# Battery charger part

• posted

Can somebody tell me what this part is? It's a plate with 2 contacts. 2 12vac outputs from the transformer are connected to the contacts. The output is the positive charging lead. The other output of the transformer goes through what looks like a 12v

12a diode though I'm not sure if it is a diode. Then goes through the meter to the negative charging lead. It's an old charger, puts out 13.5vdc on the charger, tapers down to zero when the battery is charged. Tough charger, dropped it a couple times on the concrete floor. Unknown maker.

Diode
Plate
Transformer
Plate contact
Meter connection
Charger

```--
LSMFT

I look outside this morning and everything was in 3D!```
• posted

/2=A0 =A0 =A0 Plate

=A0 =A0 Transformerhttp=://tinypic.com/m/bimp9h/2=A0 =A0 =A0 Plate contact
ah/2=A0 =A0 =A0 Meter connection
=A0 =A0 Ch= arger

THe 'plate' is the rectifier. The two brown plasitc 'pucks' are the actual diodes. The 'diode' in your photo is the circuit breaker [12A]. Very typical simple full wave rectifier battery charger.

Neil S.

• posted

thermal self-reset circuit breaker

be selenium

```--
Mr.E```
• posted

Plate

Transformer
Plate contact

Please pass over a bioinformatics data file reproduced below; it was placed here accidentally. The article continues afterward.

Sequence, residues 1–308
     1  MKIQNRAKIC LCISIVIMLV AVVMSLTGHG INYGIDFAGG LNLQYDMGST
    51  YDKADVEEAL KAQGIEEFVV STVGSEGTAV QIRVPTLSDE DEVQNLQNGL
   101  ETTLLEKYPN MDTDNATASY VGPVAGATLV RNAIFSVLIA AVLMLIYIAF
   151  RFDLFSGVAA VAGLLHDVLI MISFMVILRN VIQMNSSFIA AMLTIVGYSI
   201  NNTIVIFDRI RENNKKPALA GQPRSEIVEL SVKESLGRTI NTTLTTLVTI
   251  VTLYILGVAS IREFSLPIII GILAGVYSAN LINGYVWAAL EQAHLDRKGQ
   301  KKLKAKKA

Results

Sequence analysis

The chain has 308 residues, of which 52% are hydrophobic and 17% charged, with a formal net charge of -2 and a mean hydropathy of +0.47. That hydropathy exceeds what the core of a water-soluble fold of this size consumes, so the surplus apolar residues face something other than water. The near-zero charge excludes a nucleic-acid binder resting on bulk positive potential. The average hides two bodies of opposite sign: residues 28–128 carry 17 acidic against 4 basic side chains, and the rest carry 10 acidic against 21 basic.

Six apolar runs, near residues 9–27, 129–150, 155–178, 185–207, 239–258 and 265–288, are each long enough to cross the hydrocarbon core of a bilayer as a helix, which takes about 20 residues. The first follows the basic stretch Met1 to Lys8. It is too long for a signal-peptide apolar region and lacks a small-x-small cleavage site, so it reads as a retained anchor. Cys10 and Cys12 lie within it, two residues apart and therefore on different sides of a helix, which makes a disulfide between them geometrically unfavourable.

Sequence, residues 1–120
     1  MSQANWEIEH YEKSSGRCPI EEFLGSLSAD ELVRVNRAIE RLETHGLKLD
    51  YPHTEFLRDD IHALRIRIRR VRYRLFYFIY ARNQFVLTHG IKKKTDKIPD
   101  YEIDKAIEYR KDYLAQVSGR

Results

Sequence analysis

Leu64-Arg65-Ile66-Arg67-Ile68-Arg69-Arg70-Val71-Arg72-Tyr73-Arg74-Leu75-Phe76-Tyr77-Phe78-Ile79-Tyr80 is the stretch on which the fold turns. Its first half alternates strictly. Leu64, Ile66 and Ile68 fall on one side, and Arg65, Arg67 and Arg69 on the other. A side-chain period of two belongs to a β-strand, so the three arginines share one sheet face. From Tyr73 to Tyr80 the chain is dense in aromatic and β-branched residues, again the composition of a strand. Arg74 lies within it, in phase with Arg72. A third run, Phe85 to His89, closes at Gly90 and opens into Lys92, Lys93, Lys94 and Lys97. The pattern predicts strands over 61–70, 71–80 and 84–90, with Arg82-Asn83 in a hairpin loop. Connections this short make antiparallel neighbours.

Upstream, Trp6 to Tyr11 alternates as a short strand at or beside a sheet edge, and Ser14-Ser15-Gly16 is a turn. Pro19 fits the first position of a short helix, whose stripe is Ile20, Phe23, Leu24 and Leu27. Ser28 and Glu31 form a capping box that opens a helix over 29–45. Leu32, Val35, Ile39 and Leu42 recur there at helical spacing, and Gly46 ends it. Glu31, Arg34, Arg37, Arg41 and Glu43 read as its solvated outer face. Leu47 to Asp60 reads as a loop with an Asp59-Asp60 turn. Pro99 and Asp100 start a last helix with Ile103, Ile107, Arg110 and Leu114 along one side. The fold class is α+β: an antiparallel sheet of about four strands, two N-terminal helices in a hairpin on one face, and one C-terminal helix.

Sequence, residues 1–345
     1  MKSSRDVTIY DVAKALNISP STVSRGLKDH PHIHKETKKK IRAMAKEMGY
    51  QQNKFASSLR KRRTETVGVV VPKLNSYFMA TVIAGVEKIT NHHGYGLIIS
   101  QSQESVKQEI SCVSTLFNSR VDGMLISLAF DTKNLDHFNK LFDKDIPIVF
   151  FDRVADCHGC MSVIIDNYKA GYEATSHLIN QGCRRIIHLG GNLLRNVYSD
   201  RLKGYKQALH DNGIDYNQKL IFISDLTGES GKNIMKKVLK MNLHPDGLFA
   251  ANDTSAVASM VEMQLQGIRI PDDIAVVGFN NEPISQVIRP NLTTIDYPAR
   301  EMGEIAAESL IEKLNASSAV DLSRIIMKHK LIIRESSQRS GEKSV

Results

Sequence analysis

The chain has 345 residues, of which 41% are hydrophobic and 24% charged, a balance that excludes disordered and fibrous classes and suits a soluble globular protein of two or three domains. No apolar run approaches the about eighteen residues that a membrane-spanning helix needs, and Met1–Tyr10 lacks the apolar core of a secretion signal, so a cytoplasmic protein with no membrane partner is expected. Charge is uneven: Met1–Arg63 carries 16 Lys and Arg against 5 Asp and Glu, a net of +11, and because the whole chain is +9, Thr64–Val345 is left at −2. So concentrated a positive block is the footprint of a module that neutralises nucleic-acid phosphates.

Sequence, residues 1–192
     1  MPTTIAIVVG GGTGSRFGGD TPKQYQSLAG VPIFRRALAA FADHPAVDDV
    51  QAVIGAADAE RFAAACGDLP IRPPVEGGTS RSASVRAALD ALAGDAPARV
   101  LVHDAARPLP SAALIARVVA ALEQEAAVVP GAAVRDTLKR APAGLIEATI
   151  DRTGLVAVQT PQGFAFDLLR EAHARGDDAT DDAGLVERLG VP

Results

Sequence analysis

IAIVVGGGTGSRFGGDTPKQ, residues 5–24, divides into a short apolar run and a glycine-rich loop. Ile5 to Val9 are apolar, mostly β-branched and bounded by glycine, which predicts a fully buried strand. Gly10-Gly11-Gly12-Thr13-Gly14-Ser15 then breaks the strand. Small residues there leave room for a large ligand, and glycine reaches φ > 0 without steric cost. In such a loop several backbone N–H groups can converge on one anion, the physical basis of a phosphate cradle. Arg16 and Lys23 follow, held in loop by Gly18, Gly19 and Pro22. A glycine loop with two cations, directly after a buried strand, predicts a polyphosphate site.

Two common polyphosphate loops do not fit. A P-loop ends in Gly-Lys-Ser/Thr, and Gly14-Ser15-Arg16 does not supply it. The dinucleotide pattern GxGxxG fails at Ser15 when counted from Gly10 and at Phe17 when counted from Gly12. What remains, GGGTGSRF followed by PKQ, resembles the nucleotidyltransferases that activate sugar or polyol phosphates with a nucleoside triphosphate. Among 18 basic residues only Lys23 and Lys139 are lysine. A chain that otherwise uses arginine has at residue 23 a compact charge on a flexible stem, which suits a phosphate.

Meter connection
Charger

So I should be able to replace the 'plate' with a solid state full wave bridge rectifier? What causes the tapering down effect as the battery charges?

```--
LSMFT

I look outside this morning and everything was in 3D!```
• posted

You have solid state full wave rectifier. A bridge will give you twice the output voltage.

The output voltage of the charger is fixed, as the battery voltage comes us (charges) the current goes down.

Jeff

• posted

Are you sure?

```--
LSMFT

I look outside this morning and everything was in 3D!```
• posted

Yes, the key here is the word bridge.

There are two diodes in a simple full wave rectifier. AND a center tap on the transformer. Only one half of the winding is conducted through a diode at a time. But since they alternate, it's a full wave rectifier.

A bridge rectifier has four diodes, and goes across the entire output winding. So you'll get twice the voltage.

Jeff

• posted

Not if you hook it up simply as a full wave rectifier -- leaving the other 'side' (probably marked with a minus ("-") sign) floating.

Jonesy

```--
Marvin L Jones    | jonz          | W3DHJ  | linux
38.24N  104.55W  |  @ config.com | Jonesy |  OS/2```
• posted

The wave pulse is doubled but the voltage is not I believe. The peaks remain at the same level in my experience.

```--
LSMFT

I look outside this morning and everything was in 3D!```
• posted

Plate

Transformer
Plate contact
Meter connection
Charger

No. You could replace the 'plate' with two stud mount rectifiers in a suitable heat sink. However, the voltage drop of of the silicon rectifiers is much less than the voltage drop of the original selenium rectifier. This will result in overcharging, and release of hydrogen and oxygen gas as the water in the electrolyte is disassociated.